MARINE ON ST. CROIX - A black willow tree in Marine on St. Croix is the largest of its kind in Minnesota - and is on track to be crowned national champion next year.
Located on private property about 20 miles northwest of the Twin Cities in the town of about 700, the tree's massive circumference of 26 feet, 3 inches (315 inches) has earned it a spot on the state's Big Tree Registry, the official record maintained by the forestry division of the Minnesota Department of Natural Resources.
Jennifer Teegarden, a DNR forestry outreach specialist who maintains the registry, said the Marine on St. Croix willow is expected to become the national champion in 2018 "as long as it doesn't die, fall over or a bigger tree is found in another state."
The current national black-willow champion, located in Coos, N.H., has a much smaller circumference - 212 inches. It was crowned national champion in June 2016, she said.
Teegarden said she could not determine the tree's age because of problems with rot and bark sloughing off. "Black willows in Minnesota rarely grow older than 85 years," she said. "They're a fast-growing, short-lived tree. It's a tree that normally grows along river banks or lakes. It's a water-loving tree, so it's unusual to find it in a residential neighborhood."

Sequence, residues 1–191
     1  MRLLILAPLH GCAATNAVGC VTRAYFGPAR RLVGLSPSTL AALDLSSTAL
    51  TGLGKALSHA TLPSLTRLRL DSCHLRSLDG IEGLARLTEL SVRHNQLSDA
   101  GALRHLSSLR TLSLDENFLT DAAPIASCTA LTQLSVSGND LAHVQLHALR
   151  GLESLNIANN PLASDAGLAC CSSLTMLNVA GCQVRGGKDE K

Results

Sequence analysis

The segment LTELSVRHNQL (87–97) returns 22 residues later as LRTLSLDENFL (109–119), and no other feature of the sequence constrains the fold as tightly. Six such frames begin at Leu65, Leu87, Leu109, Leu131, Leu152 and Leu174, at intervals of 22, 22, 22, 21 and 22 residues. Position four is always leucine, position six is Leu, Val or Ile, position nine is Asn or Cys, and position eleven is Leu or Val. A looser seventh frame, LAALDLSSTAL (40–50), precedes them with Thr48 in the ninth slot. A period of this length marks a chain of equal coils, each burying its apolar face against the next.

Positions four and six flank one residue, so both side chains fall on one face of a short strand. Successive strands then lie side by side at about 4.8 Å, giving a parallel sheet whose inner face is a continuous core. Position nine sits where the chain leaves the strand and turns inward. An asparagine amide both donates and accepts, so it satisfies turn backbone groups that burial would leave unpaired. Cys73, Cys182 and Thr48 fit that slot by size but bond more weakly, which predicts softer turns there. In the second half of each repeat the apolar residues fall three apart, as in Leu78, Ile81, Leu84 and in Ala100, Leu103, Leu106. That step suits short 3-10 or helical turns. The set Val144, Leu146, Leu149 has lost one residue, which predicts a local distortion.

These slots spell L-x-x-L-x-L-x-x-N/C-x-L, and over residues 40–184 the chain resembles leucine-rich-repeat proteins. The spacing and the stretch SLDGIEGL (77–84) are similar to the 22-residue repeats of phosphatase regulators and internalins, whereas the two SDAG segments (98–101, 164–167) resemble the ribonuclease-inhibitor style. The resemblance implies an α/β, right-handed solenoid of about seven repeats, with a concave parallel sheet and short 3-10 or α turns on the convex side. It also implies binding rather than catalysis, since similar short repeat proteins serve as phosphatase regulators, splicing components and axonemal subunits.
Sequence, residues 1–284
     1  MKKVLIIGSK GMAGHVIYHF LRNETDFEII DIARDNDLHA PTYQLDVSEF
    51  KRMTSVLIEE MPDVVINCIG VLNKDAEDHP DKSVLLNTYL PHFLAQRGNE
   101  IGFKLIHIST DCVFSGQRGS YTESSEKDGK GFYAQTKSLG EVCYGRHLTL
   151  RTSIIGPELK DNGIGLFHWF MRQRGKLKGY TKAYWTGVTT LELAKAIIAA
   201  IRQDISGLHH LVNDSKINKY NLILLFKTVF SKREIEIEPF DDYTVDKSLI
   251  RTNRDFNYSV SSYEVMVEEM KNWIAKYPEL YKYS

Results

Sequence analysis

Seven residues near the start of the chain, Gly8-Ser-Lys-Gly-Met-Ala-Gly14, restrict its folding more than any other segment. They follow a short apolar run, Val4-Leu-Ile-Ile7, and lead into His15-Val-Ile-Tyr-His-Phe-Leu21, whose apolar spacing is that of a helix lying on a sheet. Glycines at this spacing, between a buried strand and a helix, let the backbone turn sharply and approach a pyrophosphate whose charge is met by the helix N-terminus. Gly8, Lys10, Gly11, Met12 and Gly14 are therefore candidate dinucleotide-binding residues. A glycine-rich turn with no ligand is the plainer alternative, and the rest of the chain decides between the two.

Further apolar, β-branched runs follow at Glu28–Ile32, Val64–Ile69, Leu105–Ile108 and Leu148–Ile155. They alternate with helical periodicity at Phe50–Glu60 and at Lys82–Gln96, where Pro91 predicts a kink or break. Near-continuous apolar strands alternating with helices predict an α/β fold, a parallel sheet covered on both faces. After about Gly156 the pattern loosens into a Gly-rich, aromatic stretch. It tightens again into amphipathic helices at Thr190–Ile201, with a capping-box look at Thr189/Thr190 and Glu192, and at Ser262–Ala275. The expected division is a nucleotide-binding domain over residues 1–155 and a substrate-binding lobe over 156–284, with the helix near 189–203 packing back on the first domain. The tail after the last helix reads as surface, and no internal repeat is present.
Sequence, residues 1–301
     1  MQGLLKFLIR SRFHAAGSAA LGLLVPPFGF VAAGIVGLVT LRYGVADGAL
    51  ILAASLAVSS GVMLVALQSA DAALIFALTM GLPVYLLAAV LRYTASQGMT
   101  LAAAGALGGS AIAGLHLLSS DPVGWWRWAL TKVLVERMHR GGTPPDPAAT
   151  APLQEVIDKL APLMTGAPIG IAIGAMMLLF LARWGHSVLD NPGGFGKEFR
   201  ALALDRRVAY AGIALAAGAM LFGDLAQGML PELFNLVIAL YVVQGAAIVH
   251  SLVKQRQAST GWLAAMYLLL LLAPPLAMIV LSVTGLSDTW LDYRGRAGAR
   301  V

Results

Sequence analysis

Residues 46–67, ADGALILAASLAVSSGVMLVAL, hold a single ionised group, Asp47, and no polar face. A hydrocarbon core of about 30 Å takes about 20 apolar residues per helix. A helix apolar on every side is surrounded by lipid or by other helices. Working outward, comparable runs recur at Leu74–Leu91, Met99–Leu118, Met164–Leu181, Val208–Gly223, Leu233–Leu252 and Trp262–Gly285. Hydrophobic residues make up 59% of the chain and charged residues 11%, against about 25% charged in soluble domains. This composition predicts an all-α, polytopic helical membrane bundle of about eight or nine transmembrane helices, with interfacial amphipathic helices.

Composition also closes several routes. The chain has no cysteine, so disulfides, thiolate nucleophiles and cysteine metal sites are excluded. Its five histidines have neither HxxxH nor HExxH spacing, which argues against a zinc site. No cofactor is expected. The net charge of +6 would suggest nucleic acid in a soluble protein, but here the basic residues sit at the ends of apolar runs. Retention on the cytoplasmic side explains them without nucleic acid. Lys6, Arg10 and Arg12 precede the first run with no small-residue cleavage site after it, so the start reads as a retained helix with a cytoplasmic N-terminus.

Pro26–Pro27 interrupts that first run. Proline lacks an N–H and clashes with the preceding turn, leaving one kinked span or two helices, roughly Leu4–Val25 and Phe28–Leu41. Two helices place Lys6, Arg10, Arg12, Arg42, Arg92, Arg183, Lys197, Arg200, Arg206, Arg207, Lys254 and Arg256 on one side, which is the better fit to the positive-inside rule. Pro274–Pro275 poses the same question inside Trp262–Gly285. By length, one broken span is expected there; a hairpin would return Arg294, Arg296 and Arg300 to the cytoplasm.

Local writer Greg Seitz broke the news of the giant tree on his blog, St. Croix 360, last week.
The DNR tracks 52 native species for its big-tree registry. Trees are judged by circumference, height, and spread of the crown or top. Champions are often nominated by the public and require an official measurement by a DNR forester.
Species include well-known trees such as the white pine and sugar maple, but also some lesser-known species such as the Kentucky coffeetree and shagbark hickory.
The champion trees range in size from a pin cherry on private land near Alexandria, with a circumference of only 26 inches, to the behemoth eastern cottonwood champ on state-owned land near Watson, with a 394-inch circumference. At almost 33 feet around, the cottonwood champ is "considered the largest living tree in Minnesota that we know of," Teegarden said.
A tamarack tree on private land in Brainerd, Minn., also is in the running for national honors, Teegarden said. The current national champion, located in Carroll, N.H., has a circumference of 118 inches; Minnesota's champion is 150 inches.
There are several species in the state that don't currently have a champion, Teegarden said. If you have a large northern mountain ash, mountain maple or chinkapin oak in your yard, Teegarden wants to hear from you.
Big trees "kind of come and go," she said. "One thing about big trees is that they are old. They often have to get cut down because they are a hazard, or they die."